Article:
PERCUSSIONIST MICHAEL SPIRO AND TROMBONIST WAYNE WALLACE’S CANTO AMÉRICA EARNS GRAMMY® NOMINATION FOR “BEST LATIN JAZZ ALBUM”
“Simply put, Canto América is a certified masterpiece – one of the most aurally-arresting and culturally-distinctive recordings in recent memory.”
– Mark Holston, Latino Magazine.com
World-renowned trombonist Wayne Wallace and percussionist Michael Spiro have earned a GRAMMY ® nomination for “Best Latin Jazz Album” for their CD Canto América on the Patois label. The Grammy Awards ceremony will take place in Los Angeles on Sunday, February 12, 2017.
“We are extremely proud of this recording, and would like to take the opportunity to personally thank the Academy and all of the musicians who participated in the making of this project,” say Spiro and Wallace.
Wallace, Spiro and La Orquesta Sinfonietta (consisting of 35 performers, many of whom are affiliated with Indiana University’s Jacobs School of Music where Wallace and Spiro teach) weave a colorful tapestry of classic-to-modern rhythms – bolero to timba, Haitian petro to Cuban rumba, mambo to guiro – refreshed by traditional and newly composed compositions, along with surprising treatments of 20th-century standards. Thus the Great American Song “Stardust” is recast as a danzón, while the familiar John Coltrane vehicle “Afro-Blue” transforms into a Creole masterpiece.
Canto América artfully balances African and Western influences by way of “a strong rhythmic base over which orchestral elements of European classical music are featured,” write Wallace and Spiro in their engrossing liner essay. But here, the rhythmic base combines folkloric rhythms with the modern grooves of Wayne Wallace’s well-established Latin Jazz Quintet. This fusion forms the foundation for Canto América, upon which the co-leaders use post-bop harmonies, emblematic compositions, and their own eclectic experiences to create music far removed from the usual Latin Jazz formats.
The recording earned rave reviews:
“[Wallace], Spiro, and Orquestra Sinfonietta deliver something nearly peerless in Canto America. Though highly disciplined and carefully plotted, it is far from an academic exercise. Jazz improvisation and individual acumen shine through while feel and groove consciousness are paramount. Ultimately, this is more than the knowledge and practice of traditions; it is the collective expression of human imagination and heart. Brilliant.” – Thom Jurek, Allmusic.com
“Simply put, Canto América is a certified masterpiece – one of the most aurally-arresting and culturally-distinctive recordings in recent memory.” – Mark Holston, Latino Magazine.com
Five stars: “…an ambitious and panoramic endeavor…an engaging narrative of the Afro-Caribbean experience on a grand scale…. Michael Spiro and Wayne Wallace have done a tremendous favor to those interested in not only the music, but also the academic and intellectual approach to its formation and evolution as well.” – James Nadal, All About Jazz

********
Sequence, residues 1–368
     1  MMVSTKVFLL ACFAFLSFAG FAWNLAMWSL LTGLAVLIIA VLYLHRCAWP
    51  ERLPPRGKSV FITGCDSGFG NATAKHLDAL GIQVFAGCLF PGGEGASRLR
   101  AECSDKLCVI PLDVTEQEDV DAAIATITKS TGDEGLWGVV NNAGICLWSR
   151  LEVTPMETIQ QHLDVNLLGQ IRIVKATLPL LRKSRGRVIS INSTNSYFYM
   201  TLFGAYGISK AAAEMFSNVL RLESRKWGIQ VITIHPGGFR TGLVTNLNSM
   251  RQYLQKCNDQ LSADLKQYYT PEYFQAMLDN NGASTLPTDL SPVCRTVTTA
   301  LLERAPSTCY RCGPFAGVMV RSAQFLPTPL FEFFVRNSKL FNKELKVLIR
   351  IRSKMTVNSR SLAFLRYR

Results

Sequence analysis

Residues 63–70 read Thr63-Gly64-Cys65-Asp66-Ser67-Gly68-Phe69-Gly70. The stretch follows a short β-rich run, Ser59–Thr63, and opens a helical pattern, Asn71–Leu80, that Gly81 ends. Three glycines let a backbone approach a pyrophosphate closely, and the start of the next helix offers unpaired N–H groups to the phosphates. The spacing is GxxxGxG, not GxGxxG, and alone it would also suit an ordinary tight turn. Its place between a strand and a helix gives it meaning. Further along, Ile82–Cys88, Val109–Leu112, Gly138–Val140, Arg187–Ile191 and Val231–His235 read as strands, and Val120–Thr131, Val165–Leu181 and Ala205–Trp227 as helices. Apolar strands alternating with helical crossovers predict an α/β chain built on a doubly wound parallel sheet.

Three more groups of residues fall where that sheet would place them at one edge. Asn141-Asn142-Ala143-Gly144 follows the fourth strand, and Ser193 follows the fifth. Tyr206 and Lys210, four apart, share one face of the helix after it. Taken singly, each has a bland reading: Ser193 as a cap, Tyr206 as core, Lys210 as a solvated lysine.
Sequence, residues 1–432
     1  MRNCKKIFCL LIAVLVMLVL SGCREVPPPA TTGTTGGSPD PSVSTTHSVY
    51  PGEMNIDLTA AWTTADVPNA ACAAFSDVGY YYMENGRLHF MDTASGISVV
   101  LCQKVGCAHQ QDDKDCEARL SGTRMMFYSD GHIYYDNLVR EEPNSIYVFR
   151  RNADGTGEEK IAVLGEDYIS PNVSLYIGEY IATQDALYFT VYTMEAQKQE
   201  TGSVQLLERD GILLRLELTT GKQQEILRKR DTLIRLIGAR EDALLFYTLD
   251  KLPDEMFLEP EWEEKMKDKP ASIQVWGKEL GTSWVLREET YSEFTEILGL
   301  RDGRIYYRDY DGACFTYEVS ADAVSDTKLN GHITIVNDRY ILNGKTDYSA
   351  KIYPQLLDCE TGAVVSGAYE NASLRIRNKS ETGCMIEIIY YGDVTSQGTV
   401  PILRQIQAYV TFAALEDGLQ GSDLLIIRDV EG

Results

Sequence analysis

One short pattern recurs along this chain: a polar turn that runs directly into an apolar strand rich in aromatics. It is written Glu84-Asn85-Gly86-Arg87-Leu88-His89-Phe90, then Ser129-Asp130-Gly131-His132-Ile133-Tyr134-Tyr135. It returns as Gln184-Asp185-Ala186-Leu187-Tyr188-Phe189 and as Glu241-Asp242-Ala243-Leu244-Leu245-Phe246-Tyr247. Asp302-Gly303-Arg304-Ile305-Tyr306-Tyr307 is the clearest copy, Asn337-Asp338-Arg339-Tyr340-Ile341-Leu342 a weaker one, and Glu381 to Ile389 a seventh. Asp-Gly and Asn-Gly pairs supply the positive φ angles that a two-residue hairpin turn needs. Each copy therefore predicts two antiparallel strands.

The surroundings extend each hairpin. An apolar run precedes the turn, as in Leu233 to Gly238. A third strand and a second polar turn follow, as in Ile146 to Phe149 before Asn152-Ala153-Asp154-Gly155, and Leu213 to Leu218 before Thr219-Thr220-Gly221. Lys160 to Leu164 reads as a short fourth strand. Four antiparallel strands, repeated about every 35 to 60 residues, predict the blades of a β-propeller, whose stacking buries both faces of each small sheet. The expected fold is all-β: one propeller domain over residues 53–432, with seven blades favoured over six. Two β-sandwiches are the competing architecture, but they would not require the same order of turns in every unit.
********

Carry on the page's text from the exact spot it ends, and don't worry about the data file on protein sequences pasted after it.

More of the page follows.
“What beauty! What a rarity!….prodigious work…” – Eric Gonzalez, Herencia Latina
“…joyous, celebratory…. a vision of groundbreaking jazz. The longtime collaborators are in top form in this fusion of ancient folkloric rhythms, modern Latin jazz grooves, post-bop harmonies, and stunning orchestral work.” – Monarch Magazine
“…sweeping and gorgeous…. Never unwieldy in its largeness, the music is focused, unpretentious, and heartfelt. Highly rewarding.” – Jeff Potter, Modern Drummer
In his four-decade career, San Francisco native Wayne Wallace has collaborated with artists ranging from Count Basie to Stevie Wonder, Sonny Rollins to Carlos Santana, Tito Puente to Lena Horne and Aretha Franklin – as sideman, composer, arranger, and producer. His debut album as a leader, 2000’s Three In One (Spirit Nectar), showcased his writing skills and his encyclopedic knowledge of Afro-Cuban rhythms, the result of years of music-making in the close-knit Bay Area jazz community, where Wallace has played an oversized role. He has earned particular notice for his approach to Latin Jazz, a vision shaped by his work with Latin Jazz percussion giants Pete Escovedo and John Santos, in whose Machete Ensemble he served as music director for more than 20 years. This is the eighth time that Wallace — a San Francisco native who splits his time between the Bay Area and the Midwest where he’s a professor at Indiana University’s Jacobs School of Music — has been on a GRAMMY nominated album.
Michael Spiro has performed on each of those nominated albums – a mere fraction of the literally hundreds of wide-ranging albums on which he has worked, which include GRAMMY-nominated albums by John Santos, pianist Mark Levine, and vocalist Karrin Allyson. He has also performed with Ella Fitzgerald, Carlos Santana, and McCoy Tyner. He is an internationally recognized author of multiple books on the subject of Afro-Caribbean percussion, and also has released two critically acclaimed instructional DVDs. The first album under his own name, BataKetu (with Mark Lamson), released in 1996, was named by DRUM! Magazine as one of the “Top 50 Drum Records” of all time.
Wallace and Spiro met more than 30 years ago in San Francisco, forging a personal and professional relationship tempered by their shared interest in the music of Cuba. In 2008, Spiro joined the faculty of the Jacobs School of Music at IU, and under his direction the percussion department grew from its emphasis on orchestral work to include the world’s rhythms. He soon began leading a Latin Jazz big band at the school, which used many of Wallace’s acclaimed arrangements, which led to a guest appearance with the band — and eventually to the school hiring Wallace as a professor in 2013.